We sent 173 potentially eligible patients letters describing the study. Of 160 screened, 16 (10%) refused; 91 (57%) were ineligible. Twenty-three (43%) of the 53 eligible patients had no audio recordings (missed appointments or technical error); these 23 patients did not differ from the 30 in the final sample on gender, race, age, BMI percentile or self-reported BMI (.20≤ p≤ .89). All 30 with audio data completed the follow-up survey.
See Table 1. Patient self-reported weight over the phone (M=173.7, SD=36.3) strongly correlated with measured weight (M=181.2, SD=38.2; r=.93).
Weight-related topics were addressed in 27 of 30 encounters and comprised a mean of 6.0 (SD =4.9) minutes per encounter. These were, in order of decreasing frequency: nutrition, exercise, BMI/weight, sleep, and screen time.
Physicians had low to moderate mastery of MI skills: open/all questions (M=0.2, SD=0.1), reflections/questions (M=0.3, SD=0.3), complex/all reflections (M=0.2, SD=0.2), and MI adherent/MI non-adherent behaviors (M=0.5, SD=0.2). They also had low to moderate global ratings of Empathy (M=2.7, SD=0.8) and MI Spirit (M=2.2, SD=0.8).
Female physicians and physicians with BMIs below the median asked more open-ended questions and made more reflections than questions (.05≤ p≤ .001). Older physicians also made more reflections (p=.05). Pediatricians were more MI adherent than family physicians (p=.02).
When physicians were more MI adherent, patients reported increasing moderate physical activity (r = .41, p=.06; Table 2). With higher physicians’ MI Spirit score, patients reported reduced weight (r = −.46, p=.02). When physicians used more complex reflections, patients reduced their screen time (r = −.41, p=.08).
As most of these physicians had no training in MI, their low MI skill level is not surprising. Some, however, were more skilled than others. Female physicians, older physicians, pediatricians, and those with lower BMIs demonstrated higher level of MI skills. This is consistent with studies suggesting female physicians are better communicators than male physicians.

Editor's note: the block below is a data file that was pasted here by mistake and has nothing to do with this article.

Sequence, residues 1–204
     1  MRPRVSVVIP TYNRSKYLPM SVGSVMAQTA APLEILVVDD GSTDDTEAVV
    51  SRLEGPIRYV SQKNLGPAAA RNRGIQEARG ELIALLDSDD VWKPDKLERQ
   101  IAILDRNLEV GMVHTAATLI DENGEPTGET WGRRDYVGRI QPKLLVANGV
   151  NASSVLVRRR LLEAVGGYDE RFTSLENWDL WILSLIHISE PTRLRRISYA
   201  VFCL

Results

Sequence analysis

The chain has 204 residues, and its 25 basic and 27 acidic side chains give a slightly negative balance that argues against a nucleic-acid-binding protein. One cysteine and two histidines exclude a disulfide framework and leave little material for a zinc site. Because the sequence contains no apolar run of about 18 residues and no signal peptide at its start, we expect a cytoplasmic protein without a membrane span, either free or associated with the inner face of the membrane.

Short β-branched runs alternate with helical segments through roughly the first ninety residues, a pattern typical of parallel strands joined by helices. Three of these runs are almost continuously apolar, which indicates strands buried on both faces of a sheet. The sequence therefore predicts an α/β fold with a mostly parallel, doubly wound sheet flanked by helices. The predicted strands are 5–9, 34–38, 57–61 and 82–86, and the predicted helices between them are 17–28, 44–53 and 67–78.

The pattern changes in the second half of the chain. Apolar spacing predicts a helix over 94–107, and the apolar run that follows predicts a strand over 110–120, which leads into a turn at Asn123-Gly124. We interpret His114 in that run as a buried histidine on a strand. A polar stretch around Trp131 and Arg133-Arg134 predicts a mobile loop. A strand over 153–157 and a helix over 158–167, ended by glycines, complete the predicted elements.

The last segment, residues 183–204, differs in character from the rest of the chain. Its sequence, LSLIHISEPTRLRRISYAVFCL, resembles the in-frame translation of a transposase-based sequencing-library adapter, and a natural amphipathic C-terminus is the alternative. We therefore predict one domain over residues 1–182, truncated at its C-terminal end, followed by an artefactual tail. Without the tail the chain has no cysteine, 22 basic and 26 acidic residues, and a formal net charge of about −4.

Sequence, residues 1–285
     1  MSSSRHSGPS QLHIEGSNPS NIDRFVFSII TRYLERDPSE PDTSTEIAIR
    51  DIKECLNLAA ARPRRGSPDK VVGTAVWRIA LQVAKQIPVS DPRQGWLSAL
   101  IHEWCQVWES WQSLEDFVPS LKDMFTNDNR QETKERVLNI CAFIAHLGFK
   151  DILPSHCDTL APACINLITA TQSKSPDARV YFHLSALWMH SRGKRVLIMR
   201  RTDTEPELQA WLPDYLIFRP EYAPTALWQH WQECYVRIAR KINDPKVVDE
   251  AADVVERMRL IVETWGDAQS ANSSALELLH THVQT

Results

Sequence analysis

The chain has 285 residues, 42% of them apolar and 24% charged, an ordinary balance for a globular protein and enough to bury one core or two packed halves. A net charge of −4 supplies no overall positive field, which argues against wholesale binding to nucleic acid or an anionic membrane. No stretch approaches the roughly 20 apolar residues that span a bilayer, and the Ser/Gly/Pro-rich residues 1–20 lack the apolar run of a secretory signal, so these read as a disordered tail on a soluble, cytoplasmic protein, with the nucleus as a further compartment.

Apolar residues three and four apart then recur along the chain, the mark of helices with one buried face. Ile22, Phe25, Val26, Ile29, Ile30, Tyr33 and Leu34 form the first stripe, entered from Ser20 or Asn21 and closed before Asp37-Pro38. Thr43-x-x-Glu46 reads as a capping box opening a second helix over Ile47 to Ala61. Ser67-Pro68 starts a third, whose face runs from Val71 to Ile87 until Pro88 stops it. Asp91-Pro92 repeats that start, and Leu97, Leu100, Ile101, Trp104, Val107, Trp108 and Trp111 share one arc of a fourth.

MI skills used during weight-related discussions were associated with patient behavior change. Physicians’ higher MI Spirit was associated with patients’ self-reported weight and greater MI adherence was associated with more patient exercise. These findings replicate those found in adult, pediatric, and adolescent samples. Thus, encouraging and training physicians to use MI techniques may help adolescent patients attain a healthy weight.
The small sample limited power; however, correlations were strong and suggest relationships beyond chance. We did not conduct nested analyses. Results may not generalize to settings outside of academic medical centers; however, we likely portray a best-case scenario. Our measures for nutrition, exercise, and weight were simple; yet, self-reported weight at baseline correlated highly with measured weight.
This is the first study to examine weight-related discussions between primary care physicians and overweight adolescents. Findings suggest that physicians should be taught to address weight-related topics more effectively to encourage behavior change in adolescent patients. In addition, male, younger, family physicians, and those with higher BMIs, may benefit more from training.
We would like to thank Ayana Simon for her work on this project. We also would like to thank the gracious physicians (Michelle Bailey, MD, Jeffrey Baker, MD, Debra Best, MD, Dennis Clements, MD, Elizabeth Landolfo, MD, Beatriz Blanco Morris, MD, John Moses, MD, Betty Staples, MD, Gloria Trujillo, MD) and adolescent patients and their parents who agreed to have the adolescent-physician encounters audio recorded.
This work was supported by internal funds from the Department of Community and Family Medicine and the Department of Pediatrics at Duke University Medical Center. The authors were supported in part by grants R01CA114392, R03CA113151, R01CA100387, R01DK64986, and R01DK075439.
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Statement of Conflict of Interest
No authors have any conflicts of interest to report.